1 TR V1.1.1 ( ) Technical Report Digital Video Broadcasting (DVB) User guidelines for the second generation system for Broadcasting, Interactive Services, News Gathering and other broadband satellite applications (DVB-S2) European Broadcasting Union Union Européenne de Radio-Télévision EBU UER
2 2 TR V1.1.1 ( ) Reference DTR/JTC-DVB-166 Keywords broadband, broadcasting, digital, satellite, TV, video 650 Route des Lucioles F Sophia Antipolis Cedex - FRANCE Tel.: Fax: Siret N NAF 742 C Association à but non lucratif enregistrée à la Sous-Préfecture de Grasse (06) N 7803/88 Important notice Individual copies of the present document can be downloaded from: The present document may be made available in more than one electronic version or in print. In any case of existing or perceived difference in contents between such versions, the reference version is the Portable Document Format (PDF). In case of dispute, the reference shall be the printing on printers of the PDF version kept on a specific network drive within Secretariat. Users of the present document should be aware that the document may be subject to revision or change of status. Information on the current status of this and other documents is available at If you find errors in the present document, please send your comment to one of the following services: Copyright Notification No part may be reproduced except as authorized by written permission. The copyright and the foregoing restriction extend to reproduction in all media. European Telecommunications Standards Institute European Broadcasting Union All rights reserved. DECT TM, PLUGTESTS TM and UMTS TM are Trade Marks of registered for the benefit of its Members. TIPHON TM and the TIPHON logo are Trade Marks currently being registered by for the benefit of its Members. 3GPP TM is a Trade Mark of registered for the benefit of its Members and of the 3GPP Organizational Partners.
3 3 TR V1.1.1 ( ) Contents Intellectual Property Rights...5 Foreword Scope References Symbols and abbreviations Symbols Abbreviations General description of the technical characteristics of the DVB-S2 system Commercial requirements Commercial Requirements for Broadcast Services Commercial Requirements for Non-Broadcast Services Common Commercial Requirements Application scenarios System architecture The system block diagram Reference performance Single carrier per transponder configuration Sensitivity to satellite power amplifier characteristics Sensitivity to roll-off Multiple carrier per transponder configuration The backwards compatible modes Hierarchical modulations Adaptive Coding and Modulation ACM: the principles Functional description of the DVB-S2 subsystem for ACM Specific subsystems for supporting ACM with MPEG-TS DVB-S2 performance in ACM mode System configurations Broadcast applications SDTV broadcasting SDTV and HDTV broadcasting with differentiated channel protection Backwards Compatible services Hierarchical modulations Interactive applications IP Unicast Services Single Generic Stream and ACM command Multiple (Generic or Transport) Streams Encapsulation efficiency of ACM modes Scheduling issues Independent frames structure for Packetized streams with VCM/ACM Independent framing issues (applicable to MPEG-TS) Example slicing process Specific cases Contribution services, data content distribution/trunking and other professional applications Distribution of multiple MPEG multiplexes to Digital Terrestrial TV Transmitters DSNG and other professional applications DSNG bit rates and symbol rates Phase noise recommendation Receiver filter mask DSNG carrier spacing Link budget examples for DSNG Generic Hypothesis...55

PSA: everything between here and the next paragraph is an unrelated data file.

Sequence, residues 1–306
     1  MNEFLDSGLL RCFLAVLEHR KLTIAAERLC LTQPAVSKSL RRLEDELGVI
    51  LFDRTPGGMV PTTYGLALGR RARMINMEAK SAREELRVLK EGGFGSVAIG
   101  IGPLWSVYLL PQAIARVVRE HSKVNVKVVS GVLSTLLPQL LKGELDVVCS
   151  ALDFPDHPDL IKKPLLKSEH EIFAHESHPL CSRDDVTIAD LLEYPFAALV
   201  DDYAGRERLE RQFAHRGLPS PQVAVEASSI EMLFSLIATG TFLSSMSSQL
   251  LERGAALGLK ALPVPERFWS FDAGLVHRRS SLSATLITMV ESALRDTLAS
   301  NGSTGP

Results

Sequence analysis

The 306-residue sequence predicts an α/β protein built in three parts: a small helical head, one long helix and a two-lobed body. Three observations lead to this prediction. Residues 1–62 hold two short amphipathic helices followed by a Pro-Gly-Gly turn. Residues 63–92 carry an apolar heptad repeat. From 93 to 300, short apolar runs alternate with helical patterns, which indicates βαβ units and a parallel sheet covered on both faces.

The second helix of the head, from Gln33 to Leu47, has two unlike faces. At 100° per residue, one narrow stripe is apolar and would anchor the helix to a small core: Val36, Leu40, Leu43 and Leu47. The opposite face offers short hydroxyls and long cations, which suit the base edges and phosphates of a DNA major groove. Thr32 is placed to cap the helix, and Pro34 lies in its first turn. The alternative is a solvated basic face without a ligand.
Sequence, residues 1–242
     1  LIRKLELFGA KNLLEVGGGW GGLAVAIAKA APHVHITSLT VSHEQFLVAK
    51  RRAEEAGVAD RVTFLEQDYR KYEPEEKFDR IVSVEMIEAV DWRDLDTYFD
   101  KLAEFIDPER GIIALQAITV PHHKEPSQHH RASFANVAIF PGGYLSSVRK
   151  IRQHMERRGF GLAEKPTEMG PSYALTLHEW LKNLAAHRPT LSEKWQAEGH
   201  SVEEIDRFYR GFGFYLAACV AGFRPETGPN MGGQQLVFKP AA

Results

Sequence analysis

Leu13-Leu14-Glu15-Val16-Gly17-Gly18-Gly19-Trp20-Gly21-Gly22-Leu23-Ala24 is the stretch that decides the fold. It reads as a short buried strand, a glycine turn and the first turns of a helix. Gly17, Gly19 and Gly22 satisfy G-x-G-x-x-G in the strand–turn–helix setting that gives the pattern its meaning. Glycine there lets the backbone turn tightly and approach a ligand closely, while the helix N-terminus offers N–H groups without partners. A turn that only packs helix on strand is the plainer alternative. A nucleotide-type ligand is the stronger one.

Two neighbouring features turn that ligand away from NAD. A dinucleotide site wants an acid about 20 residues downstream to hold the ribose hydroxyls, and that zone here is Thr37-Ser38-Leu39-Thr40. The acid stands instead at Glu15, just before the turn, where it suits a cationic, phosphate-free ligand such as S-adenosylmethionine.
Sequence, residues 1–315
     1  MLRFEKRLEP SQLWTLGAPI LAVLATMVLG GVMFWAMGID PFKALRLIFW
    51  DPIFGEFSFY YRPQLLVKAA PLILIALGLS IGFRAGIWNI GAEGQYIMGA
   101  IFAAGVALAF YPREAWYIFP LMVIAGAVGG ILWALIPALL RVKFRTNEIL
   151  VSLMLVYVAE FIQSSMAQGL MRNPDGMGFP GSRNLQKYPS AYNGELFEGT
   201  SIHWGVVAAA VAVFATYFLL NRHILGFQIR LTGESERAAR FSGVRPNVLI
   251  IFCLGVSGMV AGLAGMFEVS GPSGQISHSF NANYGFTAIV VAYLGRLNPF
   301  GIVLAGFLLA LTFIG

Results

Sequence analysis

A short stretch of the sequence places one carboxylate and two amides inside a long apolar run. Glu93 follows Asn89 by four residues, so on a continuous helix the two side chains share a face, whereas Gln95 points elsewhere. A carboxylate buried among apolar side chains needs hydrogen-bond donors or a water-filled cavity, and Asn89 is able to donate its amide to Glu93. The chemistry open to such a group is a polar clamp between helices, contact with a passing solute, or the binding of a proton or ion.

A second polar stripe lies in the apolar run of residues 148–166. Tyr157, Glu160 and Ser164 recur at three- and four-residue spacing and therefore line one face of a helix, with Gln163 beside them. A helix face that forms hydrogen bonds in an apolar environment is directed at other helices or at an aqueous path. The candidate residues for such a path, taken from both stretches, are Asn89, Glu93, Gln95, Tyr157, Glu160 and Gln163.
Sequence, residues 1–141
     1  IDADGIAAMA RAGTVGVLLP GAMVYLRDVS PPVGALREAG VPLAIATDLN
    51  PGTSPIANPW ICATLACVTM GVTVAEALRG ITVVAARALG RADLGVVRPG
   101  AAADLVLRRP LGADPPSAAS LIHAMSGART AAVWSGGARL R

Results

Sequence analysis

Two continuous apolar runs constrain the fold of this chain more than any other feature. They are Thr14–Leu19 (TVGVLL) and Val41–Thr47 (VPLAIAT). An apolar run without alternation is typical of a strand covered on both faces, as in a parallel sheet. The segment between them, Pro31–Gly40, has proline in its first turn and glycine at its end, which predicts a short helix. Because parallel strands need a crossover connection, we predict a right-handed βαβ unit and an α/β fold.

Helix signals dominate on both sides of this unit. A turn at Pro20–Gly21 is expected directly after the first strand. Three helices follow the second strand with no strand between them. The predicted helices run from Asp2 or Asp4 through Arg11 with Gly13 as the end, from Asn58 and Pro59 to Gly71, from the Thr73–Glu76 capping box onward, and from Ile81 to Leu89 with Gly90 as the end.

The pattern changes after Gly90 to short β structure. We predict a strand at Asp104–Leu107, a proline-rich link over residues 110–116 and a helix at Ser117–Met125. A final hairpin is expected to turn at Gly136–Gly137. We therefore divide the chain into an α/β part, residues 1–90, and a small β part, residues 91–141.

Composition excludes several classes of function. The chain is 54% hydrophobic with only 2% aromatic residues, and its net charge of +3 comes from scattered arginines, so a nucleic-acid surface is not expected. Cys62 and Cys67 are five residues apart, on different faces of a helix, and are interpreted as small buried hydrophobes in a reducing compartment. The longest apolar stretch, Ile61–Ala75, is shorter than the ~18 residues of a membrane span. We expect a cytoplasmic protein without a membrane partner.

4 4 TR V1.1.1 ( ) DSNG Examples DSNG transmitting station identification DSNG Services using ACM...61 Annex A: Low Density Parity Check Codes...63 A.1 Structure of Parity Check Matrices of Standardized LDPC Codes...64 A.2 Description of Standardized LDPC Codes...65 A.3 Performance Results...66 Annex B: DVB-S2 Physical Layer Frame and pilot structure...69 B.1 Structured PLS code for Frame Synchronization...69 B.2 Pilot Structure...71 Annex C: Modem algorithms design and performance over typical satellite channels...73 C.1 Modulator with Pre-Distortion...74 C.2 Clock Recovery...76 C.3 Physical Layer Frame Synchronization...76 C.3.1 An algorithm for Frame Synchronization...76 C.3.2 An Alternative Frame Synchronization Algorithm...77 C Acquisition procedure description...77 C Performance Analysis...78 C Acquisition parameters optimization...79 C.4 Carrier Frequency Recovery...80 C.5 Automatic Gain Control...82 C.6 Carrier Phase Recovery...82 C.6.1 Pilot-Aided Linear Interpolation...82 C.6.2 Fine Phase Recovery for High Order Modulations...84 C.7 Performance Results...84 Annex D: Capacity assessment in ACM modes...86 D.1 System Sizing Issues...87 D.2 Methodology Description...87 D.3 Study Case Results...88 Annex E: Physical layer adaptation in ACM systems...95 E.1 Channel estimator...95 E.2 Physical Layer Selector...97 E.2.1 Shifted Threshold...98 E.2.2 Hysteresis...99 E.3 Performance results...99 Annex F: ACM receiver implementation F.1 Type 1 receiver F.2 Type 2 receiver History...104